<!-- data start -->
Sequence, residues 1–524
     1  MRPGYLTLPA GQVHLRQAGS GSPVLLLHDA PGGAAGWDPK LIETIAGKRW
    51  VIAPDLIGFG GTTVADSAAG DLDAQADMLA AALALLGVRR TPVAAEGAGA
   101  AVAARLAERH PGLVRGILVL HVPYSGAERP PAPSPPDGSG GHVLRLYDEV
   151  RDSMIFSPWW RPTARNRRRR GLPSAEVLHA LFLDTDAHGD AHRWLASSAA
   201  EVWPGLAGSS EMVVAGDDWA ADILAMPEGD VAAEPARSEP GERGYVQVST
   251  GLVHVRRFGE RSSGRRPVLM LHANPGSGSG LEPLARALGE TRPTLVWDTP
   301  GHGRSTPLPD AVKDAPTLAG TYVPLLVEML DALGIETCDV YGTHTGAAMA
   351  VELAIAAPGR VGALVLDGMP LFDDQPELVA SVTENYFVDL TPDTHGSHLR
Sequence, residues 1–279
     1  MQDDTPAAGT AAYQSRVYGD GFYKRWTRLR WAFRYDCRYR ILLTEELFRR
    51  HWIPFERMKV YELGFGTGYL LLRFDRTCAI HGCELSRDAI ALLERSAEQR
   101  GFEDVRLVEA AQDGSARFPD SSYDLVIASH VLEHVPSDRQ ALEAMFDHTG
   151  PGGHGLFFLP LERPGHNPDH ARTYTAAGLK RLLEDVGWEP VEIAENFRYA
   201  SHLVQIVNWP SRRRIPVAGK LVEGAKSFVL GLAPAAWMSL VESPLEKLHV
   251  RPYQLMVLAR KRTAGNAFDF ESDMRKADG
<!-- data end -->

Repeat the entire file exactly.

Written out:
Sequence, residues 1–524
     1  MRPGYLTLPA GQVHLRQAGS GSPVLLLHDA PGGAAGWDPK LIETIAGKRW
    51  VIAPDLIGFG GTTVADSAAG DLDAQADMLA AALALLGVRR TPVAAEGAGA
   101  AVAARLAERH PGLVRGILVL HVPYSGAERP PAPSPPDGSG GHVLRLYDEV
   151  RDSMIFSPWW RPTARNRRRR GLPSAEVLHA LFLDTDAHGD AHRWLASSAA
   201  EVWPGLAGSS EMVVAGDDWA ADILAMPEGD VAAEPARSEP GERGYVQVST
   251  GLVHVRRFGE RSSGRRPVLM LHANPGSGSG LEPLARALGE TRPTLVWDTP
   301  GHGRSTPLPD AVKDAPTLAG TYVPLLVEML DALGIETCDV YGTHTGAAMA
   351  VELAIAAPGR VGALVLDGMP LFDDQPELVA SVTENYFVDL TPDTHGSHLR
Sequence, residues 1–279
     1  MQDDTPAAGT AAYQSRVYGD GFYKRWTRLR WAFRYDCRYR ILLTEELFRR
    51  HWIPFERMKV YELGFGTGYL LLRFDRTCAI HGCELSRDAI ALLERSAEQR
   101  GFEDVRLVEA AQDGSARFPD SSYDLVIASH VLEHVPSDRQ ALEAMFDHTG
   151  PGGHGLFFLP LERPGHNPDH ARTYTAAGLK RLLEDVGWEP VEIAENFRYA
   201  SHLVQIVNWP SRRRIPVAGK LVEGAKSFVL GLAPAAWMSL VESPLEKLHV
   251  RPYQLMVLAR KRTAGNAFDF ESDMRKADG